HomePoliticsRepublicans Search for Unity on House Speaker Candidate Ahead of Vote

Republicans Search for Unity on House Speaker Candidate Ahead of Vote

Republicans worked on Tuesday to find unity behind a candidate for speaker amidst divisions and uncertainty in the House of Representatives. Less than half of House Republicans publicly supported either Representative Steve Scalise or Representative Jim Jordan to replace former Speaker Kevin McCarthy. Complicating the situation, McCarthy’s supporters were considering a vote to reinstate him. This reflects deep divisions in the GOP that could prolong the race and lead to a drawn-out fight on the House floor. The House has been paralyzed since McCarthy’s removal, raising concerns about its ability to take action on important matters, such as supporting Israel in the wake of the conflict with Hamas.

Representative Michael McCaul emphasized the urgency of electing a new speaker in light of the situation in Israel. He stated that the world is watching and that a dysfunctional democracy sends the wrong message. McCaul expressed concerns that in a three-way race, no candidate would secure a majority of Republican support. Scalise and Jordan participated in a closed-door candidates’ forum, while McCarthy did not.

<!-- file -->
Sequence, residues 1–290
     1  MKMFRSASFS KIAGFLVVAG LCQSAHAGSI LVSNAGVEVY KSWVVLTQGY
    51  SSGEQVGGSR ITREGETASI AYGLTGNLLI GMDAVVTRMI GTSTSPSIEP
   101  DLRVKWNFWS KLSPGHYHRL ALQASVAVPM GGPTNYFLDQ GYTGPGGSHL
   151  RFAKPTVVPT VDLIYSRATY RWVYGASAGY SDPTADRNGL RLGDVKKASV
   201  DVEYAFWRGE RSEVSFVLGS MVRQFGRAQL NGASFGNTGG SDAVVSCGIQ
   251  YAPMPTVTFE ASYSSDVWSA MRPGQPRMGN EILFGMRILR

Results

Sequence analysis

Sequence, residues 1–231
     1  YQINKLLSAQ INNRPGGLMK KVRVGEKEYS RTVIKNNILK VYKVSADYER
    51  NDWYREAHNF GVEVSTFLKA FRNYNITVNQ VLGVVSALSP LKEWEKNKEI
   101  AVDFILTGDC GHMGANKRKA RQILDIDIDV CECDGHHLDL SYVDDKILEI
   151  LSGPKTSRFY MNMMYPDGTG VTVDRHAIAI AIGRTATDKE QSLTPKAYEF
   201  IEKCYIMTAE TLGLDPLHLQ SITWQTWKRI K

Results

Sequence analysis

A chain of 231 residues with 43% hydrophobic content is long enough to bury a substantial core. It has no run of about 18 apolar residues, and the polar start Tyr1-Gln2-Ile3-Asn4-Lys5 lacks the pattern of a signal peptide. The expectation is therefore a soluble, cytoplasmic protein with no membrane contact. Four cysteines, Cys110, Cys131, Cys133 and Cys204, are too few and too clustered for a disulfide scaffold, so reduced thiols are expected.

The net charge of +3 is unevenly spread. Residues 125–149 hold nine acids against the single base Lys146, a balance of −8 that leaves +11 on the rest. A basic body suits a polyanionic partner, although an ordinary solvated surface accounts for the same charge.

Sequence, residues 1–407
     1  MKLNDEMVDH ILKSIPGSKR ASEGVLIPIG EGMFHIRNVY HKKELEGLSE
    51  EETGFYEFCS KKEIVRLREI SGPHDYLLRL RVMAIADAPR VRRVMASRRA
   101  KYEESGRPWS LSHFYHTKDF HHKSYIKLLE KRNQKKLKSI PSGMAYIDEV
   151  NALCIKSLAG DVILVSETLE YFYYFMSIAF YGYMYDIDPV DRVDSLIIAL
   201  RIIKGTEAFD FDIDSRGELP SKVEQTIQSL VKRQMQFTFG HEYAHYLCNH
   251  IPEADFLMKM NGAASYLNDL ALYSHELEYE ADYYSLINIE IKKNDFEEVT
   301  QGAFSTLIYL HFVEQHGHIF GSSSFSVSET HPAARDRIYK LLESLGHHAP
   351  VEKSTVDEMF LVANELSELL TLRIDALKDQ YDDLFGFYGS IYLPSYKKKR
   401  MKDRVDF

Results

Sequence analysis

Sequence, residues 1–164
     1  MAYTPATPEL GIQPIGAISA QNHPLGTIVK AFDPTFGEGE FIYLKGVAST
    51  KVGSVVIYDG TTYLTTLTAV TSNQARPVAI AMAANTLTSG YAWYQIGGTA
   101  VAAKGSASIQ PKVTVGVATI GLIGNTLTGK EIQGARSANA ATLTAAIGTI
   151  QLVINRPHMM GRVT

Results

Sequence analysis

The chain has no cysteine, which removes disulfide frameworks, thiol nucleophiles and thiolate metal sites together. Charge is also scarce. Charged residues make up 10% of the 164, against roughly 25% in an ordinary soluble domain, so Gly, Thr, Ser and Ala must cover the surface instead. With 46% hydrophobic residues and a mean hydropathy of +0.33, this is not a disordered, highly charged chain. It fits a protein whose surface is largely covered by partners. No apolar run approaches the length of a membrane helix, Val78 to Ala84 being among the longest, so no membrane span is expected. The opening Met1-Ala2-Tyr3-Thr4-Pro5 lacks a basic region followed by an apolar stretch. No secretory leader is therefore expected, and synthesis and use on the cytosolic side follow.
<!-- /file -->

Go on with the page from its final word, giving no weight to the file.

Scalise emphasized the need for the House to get back to work, particularly in supporting Israel. On the other hand, Jordan’s supporters argued that the recent chaos necessitates a different leadership direction that aligns better with the party’s base. Many members remained undecided or unwilling to endorse a candidate. The closed-door meeting of House Republicans included criticism of the eight Republican rebels who voted to remove McCarthy. Two of those rebels, Matt Gaetz and Tim Burchett, stated that they would support the majority’s choice but not McCarthy.

Marjorie Taylor Greene expressed disagreement with the removal of McCarthy, stating that it was wrong and that he had widespread support. Republicans also discussed potential changes to party rules to avoid a repeat of McCarthy’s removal, including making it harder to remove a sitting speaker and requiring a near-unanimous vote before nominating a candidate for speaker. Regardless of the outcome, McCaul called on Republicans to put aside their differences and address the violence in Israel. Without a speaker, the House would be paralyzed and unable to take action.